By George King III

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TAMPA — When Jacoby Ellsbury exited Sunday’s game after three innings, it was easy to believe the Yankees’ center fielder had a physical issue because in the last week of spring training, regulars routinely play at least through six frames.

It turned out Ellsbury only wanted two at-bats before leaving. Yet from the time of Ellsbury’s departure until the reason was given, Aaron Hicks’ value to the Yankees was reaffirmed.

The switch-hitting Hicks, who can play all three outfield positions, has to be better than he was a year ago, when the 27-year-old was horrid across the season’s first four months.

Hicks hit .217 in 123 games with a putrid .281 on-base percentage and a .617 OPS last year, but the Yankees are counting on him to bounce back this season, his second in pinstripes after being acquired from the Twins for catcher John Ryan Murphy following the 2015 season. Hicks was the Twins’ first-round pick (14th overall) in 2008.

With less than a week until Opening Day against the Rays in St. Petersburg, it appears Hicks is perched to contribute more than he did a year ago, when he struggled with inconsistent playing time until right fielder Carlos Beltran was dealt to the Rangers at the Aug. 1 deadline.

Sunday at George M. Steinbrenner Field, Hicks launched a two-run homer to right from the left side and had an RBI single in a 7-4 Yankees victory over the Rays.

“He has played very well. He has swung the bat well, he’s got some power and had some bunt base hits, stole some bases. Defensively he has played well,’’ Joe Girardi said of Hicks, who is hitting .286 (14-for-49) with three homers and seven RBIs in 21 games. “Both guys [Hicks and Aaron Judge] have had a good spring. These guys are taking it down to the wire.’’

Judge and Hicks opened camp competing for the starting job, and it could go until Saturday, a day before the Yankees open the season. Judge went 2-for-3 Sunday, and is hitting .321 (17-for-53) with two homers and four RBIs. Most importantly, he has whiffed just a dozen times in 53 at-bats after striking out 42 times in 84 big league at-bats last year.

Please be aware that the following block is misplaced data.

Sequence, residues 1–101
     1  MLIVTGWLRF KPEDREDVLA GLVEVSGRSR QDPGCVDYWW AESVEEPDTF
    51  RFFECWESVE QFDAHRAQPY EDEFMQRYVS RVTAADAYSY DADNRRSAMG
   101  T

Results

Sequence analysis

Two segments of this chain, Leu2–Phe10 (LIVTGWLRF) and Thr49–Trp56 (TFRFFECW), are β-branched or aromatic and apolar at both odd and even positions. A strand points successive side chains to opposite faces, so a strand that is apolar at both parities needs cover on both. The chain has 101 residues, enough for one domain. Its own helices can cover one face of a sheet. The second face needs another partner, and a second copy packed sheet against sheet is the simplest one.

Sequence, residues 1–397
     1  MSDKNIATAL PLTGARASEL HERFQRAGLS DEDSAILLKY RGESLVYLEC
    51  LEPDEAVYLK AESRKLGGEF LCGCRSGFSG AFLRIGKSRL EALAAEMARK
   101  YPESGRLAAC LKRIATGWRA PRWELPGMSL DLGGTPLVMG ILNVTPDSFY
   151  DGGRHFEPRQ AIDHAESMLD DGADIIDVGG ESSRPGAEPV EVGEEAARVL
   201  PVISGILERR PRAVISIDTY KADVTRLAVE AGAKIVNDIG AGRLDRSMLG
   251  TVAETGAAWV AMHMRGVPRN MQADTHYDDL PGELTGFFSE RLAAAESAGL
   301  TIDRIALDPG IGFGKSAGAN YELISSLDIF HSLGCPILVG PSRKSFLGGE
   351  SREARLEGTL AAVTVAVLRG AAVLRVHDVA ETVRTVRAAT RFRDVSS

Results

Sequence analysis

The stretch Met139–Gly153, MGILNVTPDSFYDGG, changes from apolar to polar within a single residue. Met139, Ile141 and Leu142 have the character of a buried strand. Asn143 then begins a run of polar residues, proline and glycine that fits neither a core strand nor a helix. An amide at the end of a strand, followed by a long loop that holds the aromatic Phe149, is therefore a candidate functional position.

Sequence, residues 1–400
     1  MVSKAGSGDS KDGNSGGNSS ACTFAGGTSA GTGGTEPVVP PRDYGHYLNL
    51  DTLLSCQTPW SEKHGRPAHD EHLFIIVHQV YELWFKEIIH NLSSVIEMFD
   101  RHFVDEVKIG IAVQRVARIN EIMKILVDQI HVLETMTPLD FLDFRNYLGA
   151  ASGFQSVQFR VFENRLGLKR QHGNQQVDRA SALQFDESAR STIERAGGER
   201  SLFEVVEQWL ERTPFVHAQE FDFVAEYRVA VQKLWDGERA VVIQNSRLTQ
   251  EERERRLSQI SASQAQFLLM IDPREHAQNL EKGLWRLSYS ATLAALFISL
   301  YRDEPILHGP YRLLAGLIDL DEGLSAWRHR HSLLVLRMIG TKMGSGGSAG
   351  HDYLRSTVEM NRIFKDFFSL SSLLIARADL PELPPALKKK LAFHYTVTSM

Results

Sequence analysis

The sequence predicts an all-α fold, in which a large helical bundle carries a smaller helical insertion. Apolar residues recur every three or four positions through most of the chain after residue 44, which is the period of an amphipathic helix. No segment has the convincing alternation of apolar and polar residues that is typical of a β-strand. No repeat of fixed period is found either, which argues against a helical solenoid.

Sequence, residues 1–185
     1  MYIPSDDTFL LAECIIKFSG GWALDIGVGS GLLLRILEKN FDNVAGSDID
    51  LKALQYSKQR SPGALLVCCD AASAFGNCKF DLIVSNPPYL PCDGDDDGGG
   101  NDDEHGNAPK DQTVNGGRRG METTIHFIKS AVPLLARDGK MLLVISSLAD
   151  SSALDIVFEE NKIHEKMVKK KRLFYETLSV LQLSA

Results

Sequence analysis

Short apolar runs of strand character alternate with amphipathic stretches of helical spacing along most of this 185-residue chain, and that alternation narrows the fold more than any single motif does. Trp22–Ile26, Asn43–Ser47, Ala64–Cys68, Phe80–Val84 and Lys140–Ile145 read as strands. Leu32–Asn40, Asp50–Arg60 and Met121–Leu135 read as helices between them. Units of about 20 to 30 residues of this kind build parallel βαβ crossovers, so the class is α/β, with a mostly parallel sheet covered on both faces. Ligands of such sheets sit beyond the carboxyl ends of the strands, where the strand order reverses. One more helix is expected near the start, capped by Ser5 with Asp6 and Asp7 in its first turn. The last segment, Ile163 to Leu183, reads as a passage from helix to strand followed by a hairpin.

Asked about a platoon in right, Girardi didn’t dismiss it, but hitters built like the 6-foot-7, 282-pound Judge tend to have long swings that are hurt by irregular work.

Because regular playing time isn’t a problem in spring training because the games don’t count, the question facing the Yankees is this: If Judge is the everyday right fielder — and that’s the way it is looking — where is Hicks’ playing time going to come from?

Girardi used him over Brett Gardner and Ellsbury against right-handers at the beginning of last season, but he didn’t produce and that role vanished.

“It’s something we’ve talked about. We thought he played better playing every day. His [playing] time was pretty sparingly last year early on,’’ Girardi said. “I think he has improved as a player. We like what we’ve seen. We liked what we saw at the end of last year. We’re going to have to iron out this week how we do this.’’

After hitting .187 (39-for-209) with three homers and 15 RBIs in the first four months of the season, Hicks batted .271 with five homers and 16 RBIs in the final two months, though he missed the first 19 days of September with a strained right hamstring. His OPS in August was .769 and .730 in September after being at .432 in June.

In today’s game, when analytics play such a big part in attempting to figure out what a player’s value is, Hicks’ situation doesn’t need a calculator to understand: He has to be better in 2017 than he was in 2016 because he can’t be worse.

 

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